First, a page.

This, of course, isn’t to suggest that consumers have lost their ability or (every bit as important) their willingness to pay for a quality experience. What’s going to be vital for the restaurants that not only survive, but thrive in such an environment is the recognition that competing on price alone isn’t going to do the trick. “Pricy” and “overpriced” are not the same thing, and eateries will do well not to conflate to two.

Value-for-money, rather than raw cost will likely be the order of the day post-COVID. This means well-constructed menus, comprised of flavorful dishes, prepared with care, using high-quality ingredients. This also means “quality, atmosphere – and quality atmosphere” – will be at a premium.

More than any other market segment (even fine dining;) casual and “upscale casual” establishments will be under pressure to thread this needle. To lay this demand on them – particularly the independent eateries – on the heels of the most brutal period in their history seems unnecessarily cruel. Let’s be honest, it is.

And yet, for these restaurants, the short and intermediate-term present an opportunity.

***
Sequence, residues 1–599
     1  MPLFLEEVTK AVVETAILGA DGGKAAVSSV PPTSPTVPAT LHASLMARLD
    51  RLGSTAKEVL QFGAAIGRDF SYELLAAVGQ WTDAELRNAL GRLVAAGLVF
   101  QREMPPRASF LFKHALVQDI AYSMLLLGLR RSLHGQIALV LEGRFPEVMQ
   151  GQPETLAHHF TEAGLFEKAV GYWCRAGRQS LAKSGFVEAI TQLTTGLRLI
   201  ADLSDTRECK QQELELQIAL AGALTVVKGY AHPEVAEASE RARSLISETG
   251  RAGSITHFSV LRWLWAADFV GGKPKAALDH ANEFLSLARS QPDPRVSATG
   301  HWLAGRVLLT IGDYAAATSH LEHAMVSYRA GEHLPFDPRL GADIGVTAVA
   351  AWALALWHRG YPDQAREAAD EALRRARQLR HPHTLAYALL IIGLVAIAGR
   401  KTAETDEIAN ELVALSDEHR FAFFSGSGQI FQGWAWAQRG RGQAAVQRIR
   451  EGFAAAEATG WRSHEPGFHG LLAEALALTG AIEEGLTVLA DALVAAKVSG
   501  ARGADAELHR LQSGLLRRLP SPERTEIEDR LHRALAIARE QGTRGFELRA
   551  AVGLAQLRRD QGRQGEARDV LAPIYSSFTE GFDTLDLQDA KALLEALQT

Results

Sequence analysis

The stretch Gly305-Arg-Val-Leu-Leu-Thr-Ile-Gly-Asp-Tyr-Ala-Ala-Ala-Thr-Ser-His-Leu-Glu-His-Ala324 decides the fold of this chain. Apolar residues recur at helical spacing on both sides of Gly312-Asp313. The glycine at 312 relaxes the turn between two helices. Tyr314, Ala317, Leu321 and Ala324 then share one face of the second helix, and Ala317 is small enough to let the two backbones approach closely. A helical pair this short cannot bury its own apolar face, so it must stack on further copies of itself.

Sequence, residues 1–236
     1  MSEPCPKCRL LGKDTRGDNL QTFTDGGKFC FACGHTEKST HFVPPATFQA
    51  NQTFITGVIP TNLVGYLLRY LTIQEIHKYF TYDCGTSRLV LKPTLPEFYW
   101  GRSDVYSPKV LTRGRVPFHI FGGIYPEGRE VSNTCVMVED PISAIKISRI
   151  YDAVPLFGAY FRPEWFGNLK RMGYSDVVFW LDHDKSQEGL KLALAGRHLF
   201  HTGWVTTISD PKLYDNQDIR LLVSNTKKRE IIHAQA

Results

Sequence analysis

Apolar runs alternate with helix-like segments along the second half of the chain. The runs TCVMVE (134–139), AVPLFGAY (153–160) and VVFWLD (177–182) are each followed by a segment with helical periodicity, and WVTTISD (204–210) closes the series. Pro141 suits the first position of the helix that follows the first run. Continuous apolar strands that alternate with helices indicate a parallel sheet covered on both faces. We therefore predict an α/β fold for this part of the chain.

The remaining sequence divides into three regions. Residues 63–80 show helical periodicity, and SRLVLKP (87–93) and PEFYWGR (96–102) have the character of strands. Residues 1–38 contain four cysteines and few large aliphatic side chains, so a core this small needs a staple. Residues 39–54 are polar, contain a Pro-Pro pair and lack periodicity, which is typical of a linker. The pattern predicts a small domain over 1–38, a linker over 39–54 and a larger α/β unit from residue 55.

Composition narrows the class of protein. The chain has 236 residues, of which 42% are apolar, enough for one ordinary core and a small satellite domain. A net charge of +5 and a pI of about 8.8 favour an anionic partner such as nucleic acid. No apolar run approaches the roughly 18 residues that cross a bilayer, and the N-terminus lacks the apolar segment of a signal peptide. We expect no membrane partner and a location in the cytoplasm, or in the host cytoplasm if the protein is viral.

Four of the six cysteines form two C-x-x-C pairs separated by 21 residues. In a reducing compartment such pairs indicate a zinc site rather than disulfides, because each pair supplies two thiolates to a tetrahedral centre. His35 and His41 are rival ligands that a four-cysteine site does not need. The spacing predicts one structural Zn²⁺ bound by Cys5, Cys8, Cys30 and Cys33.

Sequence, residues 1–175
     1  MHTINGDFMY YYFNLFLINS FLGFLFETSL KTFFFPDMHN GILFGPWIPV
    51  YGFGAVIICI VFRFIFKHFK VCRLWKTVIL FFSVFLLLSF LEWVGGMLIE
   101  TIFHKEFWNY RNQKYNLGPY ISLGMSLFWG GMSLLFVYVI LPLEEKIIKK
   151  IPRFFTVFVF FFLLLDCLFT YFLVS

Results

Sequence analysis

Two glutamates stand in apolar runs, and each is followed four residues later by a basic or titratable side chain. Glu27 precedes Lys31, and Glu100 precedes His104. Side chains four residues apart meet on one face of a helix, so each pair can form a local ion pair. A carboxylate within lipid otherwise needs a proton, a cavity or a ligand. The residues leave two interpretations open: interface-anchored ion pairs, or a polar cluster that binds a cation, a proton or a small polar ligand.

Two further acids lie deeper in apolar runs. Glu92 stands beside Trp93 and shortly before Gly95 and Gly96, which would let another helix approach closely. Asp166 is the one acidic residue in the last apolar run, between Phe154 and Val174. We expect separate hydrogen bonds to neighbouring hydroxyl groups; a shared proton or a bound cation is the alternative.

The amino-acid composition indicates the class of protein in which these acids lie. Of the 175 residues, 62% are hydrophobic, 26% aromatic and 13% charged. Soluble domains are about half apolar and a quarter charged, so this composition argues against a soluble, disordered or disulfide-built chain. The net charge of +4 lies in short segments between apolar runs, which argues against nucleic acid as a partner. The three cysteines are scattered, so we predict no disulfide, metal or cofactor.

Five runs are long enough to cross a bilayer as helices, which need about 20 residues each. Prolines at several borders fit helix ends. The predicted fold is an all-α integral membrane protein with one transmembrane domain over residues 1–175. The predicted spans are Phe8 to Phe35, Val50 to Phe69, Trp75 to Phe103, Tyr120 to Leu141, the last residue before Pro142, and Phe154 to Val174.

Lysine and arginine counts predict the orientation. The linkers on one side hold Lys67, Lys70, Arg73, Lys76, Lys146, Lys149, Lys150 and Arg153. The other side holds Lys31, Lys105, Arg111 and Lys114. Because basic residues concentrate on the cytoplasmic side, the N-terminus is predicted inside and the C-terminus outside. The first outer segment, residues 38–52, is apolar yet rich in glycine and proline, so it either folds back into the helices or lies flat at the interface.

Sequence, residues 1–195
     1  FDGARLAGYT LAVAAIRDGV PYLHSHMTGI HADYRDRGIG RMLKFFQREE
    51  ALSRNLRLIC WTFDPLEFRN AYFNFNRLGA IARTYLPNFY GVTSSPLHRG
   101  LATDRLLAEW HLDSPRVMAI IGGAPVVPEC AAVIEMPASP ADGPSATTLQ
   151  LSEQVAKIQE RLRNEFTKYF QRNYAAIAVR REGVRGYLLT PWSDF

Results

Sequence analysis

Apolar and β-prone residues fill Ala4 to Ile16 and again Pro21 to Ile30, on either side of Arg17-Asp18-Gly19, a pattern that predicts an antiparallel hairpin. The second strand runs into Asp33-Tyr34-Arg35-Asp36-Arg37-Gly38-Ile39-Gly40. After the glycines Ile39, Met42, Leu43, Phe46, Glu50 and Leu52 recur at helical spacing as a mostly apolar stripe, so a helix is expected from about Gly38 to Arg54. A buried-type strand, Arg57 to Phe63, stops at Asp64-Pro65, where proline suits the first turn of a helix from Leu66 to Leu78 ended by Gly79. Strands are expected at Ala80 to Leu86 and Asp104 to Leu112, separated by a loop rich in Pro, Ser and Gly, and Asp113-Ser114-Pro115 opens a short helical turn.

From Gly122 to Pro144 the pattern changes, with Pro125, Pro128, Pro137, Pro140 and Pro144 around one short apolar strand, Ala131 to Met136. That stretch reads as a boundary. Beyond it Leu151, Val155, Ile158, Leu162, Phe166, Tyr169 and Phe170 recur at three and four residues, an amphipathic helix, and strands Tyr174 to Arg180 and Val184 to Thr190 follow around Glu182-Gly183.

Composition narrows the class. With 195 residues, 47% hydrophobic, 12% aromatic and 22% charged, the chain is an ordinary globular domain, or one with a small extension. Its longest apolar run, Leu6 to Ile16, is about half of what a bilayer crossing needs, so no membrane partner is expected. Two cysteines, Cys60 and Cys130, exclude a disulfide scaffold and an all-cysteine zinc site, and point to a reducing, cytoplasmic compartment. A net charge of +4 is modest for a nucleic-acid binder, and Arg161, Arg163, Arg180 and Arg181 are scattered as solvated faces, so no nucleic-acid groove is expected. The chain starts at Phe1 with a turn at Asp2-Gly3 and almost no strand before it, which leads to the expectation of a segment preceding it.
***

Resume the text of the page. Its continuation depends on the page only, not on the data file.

In the coming months, many (all?) of us will return, delightedly, to restaurant dining. This rising tide will temporarily lift a lot of boats. At some point, however, this wave of euphoria will break, and genuine quality and value will win the day – and the regularly returning customer.

After so much doom, gloom, existential dread, and, sadly, a great many closures, those independent eateries that weathered the storm will be well-positioned to channel their quality, artisanal care, and personal touch to take the fight to their larger competitors. These are the establishments that, during the pandemic’s darkest days, fought tooth-and-nail, to not only survive as going business concerns but to help communities maintain some physical and emotional well-being. And it’s around these types of places that communities rallied.

Is it David and Goliath? As it always was. On the bright side, David is equipped for the tussle.

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Restaurant Experience